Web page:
Middlesex County continues to adapt to a changing economy in part by developing its workforce, according to multiple speakers at the Middlesex County 2019 Business Summit, held today at Rutgers University. The county is not only the second most populated in the state, but it is a noted epicenter for business, healthcare and educational activity with some 18 colleges/universities, 5 vocational schools and an array of corporations dotting its landscape.
A report by keynote speaker Dr. Carl Van Horn, founding director of the Heldrich Center for Workforce Development at Rutgers University, revealed that Middlesex County leaders have identified three areas surrounding economic and workforce competitiveness: advanced manufacturing/autonomous transportation technology; food innovation; and life sciences.
Freehold Director Ron G. Rios told the audience, “Many years ago, our government officials were reactive. We were waiting for our businesses to tell us what they needed. Today, we have the mindset that we have to be ahead of the curve. We still need electricians, plumbers and carpenters, but we have to prep our students for [new] jobs, and work with all our businesses to make sure that we have a prepared workforce.” Rios cited vocational schools and county colleges, in particular, as integral components for ensuring this occurs in an economy where “robotics” are increasingly present.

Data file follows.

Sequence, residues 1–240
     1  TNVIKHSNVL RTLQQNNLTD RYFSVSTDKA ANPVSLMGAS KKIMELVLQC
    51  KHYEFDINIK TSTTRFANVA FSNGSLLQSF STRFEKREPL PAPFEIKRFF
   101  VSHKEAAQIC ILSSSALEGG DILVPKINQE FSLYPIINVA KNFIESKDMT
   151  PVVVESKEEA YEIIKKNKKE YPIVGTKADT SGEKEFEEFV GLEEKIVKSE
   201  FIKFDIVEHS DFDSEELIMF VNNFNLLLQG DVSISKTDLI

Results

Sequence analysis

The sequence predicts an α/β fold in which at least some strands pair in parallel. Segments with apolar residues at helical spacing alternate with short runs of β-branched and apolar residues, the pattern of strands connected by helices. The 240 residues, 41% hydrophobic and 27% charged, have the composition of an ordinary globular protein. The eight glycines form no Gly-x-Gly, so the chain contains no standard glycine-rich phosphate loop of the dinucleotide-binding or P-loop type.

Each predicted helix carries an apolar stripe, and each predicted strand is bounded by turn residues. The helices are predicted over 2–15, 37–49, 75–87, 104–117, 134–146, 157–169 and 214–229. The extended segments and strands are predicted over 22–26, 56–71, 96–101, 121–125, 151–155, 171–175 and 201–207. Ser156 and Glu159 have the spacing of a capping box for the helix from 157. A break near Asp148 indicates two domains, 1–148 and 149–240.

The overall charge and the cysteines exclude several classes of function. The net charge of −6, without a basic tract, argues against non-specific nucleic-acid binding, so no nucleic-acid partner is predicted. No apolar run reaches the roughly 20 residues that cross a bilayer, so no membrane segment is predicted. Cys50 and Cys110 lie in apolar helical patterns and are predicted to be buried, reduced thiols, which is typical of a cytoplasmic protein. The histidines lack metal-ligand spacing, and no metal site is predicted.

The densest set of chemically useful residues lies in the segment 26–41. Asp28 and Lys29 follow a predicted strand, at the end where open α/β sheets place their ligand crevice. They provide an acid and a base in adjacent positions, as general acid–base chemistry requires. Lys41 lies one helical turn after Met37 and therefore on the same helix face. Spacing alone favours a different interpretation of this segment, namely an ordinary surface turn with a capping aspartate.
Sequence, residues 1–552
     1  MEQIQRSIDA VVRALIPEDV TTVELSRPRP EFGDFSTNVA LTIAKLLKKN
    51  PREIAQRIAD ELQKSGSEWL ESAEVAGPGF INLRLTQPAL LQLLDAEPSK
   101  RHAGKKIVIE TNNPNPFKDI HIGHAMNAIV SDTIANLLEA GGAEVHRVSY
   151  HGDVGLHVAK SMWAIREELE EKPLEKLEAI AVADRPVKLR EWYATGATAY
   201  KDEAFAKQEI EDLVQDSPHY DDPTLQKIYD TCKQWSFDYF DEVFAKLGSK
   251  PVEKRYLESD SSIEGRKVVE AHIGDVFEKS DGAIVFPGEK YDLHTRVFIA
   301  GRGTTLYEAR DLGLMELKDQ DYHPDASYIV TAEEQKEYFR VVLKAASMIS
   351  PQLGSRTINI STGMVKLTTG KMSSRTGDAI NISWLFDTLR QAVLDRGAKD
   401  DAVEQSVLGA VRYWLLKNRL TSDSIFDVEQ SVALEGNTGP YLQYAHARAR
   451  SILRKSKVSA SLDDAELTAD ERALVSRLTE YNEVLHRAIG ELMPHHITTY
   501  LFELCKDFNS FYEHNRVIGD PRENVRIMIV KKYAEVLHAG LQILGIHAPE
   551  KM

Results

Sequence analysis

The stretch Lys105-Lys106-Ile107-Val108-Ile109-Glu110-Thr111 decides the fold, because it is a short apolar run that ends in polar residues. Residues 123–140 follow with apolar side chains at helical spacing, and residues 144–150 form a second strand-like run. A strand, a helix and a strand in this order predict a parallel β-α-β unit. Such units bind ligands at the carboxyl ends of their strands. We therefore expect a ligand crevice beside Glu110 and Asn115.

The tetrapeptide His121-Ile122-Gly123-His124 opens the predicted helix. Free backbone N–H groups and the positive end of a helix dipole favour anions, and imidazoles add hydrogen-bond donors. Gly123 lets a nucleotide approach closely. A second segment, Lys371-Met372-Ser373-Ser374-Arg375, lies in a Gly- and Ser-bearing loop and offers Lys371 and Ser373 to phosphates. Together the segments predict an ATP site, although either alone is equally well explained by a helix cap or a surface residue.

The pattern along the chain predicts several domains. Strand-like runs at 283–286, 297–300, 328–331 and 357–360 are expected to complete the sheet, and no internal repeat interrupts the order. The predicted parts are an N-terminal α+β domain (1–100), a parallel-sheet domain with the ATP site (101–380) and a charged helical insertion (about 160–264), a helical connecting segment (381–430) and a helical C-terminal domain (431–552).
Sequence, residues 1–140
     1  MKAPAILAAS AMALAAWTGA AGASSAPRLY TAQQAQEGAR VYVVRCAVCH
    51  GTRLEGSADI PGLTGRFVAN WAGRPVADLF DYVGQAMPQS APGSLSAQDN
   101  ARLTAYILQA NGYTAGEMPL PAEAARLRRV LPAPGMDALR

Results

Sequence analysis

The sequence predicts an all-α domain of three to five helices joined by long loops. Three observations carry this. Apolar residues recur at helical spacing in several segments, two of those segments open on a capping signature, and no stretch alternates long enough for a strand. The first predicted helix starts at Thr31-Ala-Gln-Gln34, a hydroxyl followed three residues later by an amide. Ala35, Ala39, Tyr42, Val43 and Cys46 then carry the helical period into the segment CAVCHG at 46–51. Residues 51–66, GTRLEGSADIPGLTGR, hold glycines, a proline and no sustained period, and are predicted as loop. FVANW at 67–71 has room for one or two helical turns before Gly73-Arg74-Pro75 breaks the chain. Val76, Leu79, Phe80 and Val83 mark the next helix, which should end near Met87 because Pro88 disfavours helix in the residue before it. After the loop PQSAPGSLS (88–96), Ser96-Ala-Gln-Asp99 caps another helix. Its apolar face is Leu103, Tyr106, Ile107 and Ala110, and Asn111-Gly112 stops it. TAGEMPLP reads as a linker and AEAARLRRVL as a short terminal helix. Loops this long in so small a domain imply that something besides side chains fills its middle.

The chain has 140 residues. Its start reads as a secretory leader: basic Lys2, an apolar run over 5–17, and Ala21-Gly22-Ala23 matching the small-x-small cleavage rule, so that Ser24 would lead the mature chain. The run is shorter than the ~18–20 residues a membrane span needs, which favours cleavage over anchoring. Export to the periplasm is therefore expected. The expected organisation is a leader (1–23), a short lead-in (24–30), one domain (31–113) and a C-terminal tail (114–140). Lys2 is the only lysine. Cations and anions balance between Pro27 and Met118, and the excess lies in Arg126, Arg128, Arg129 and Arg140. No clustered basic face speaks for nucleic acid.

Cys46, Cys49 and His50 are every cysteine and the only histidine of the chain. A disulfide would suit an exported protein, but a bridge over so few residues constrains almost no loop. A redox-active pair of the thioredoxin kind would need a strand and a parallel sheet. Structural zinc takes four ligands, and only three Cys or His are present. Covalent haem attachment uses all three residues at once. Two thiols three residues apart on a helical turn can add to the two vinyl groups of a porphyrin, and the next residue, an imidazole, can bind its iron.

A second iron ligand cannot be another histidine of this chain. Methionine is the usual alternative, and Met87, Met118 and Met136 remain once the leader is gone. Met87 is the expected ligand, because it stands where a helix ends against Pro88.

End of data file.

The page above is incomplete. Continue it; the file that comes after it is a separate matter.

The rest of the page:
And while Middlesex County already boasts a population with the fifth youngest median age in the state, Michele Siekerka, president and CEO of the New Jersey Business & Industry Association (NJBIA), noted, “With all the great assets we have in the state, [New Jersey is] still the No. 1 out-migrator of 18 to 34 year olds. That is our future workforce. We need to pay attention to that. It is a big red flag. We try to get business and academia together, and ask business to be at the center of the table in identifying what are their needs. Then, we partner them with academia to deliver those types of programs in real time.”
While recurring themes at today’s summit appeared focused on the intersection of technology and workforce development/education, population diversity was also mentioned at several points. Alesha McCall, director (North Brunswick) of BAYADA Home Health Care, said, in effect, that her company not only needs nurses, but people who are able to comfortably enter patients’ homes where one of dozens of many languages, cultures and customs may be present.
A more panoramic view reveals that Middlesex County is not only preparing a pipeline of workers but is projected to add more than 300,000 jobs by the year 2026, according to the Bureau of Labor Statistics (BLS).The region’s established multi-corporation giants such as Johnson & Johnson – as well as higher education juggernauts such as Rutgers University and government/business leaders – all are arguably playing a role in this success.
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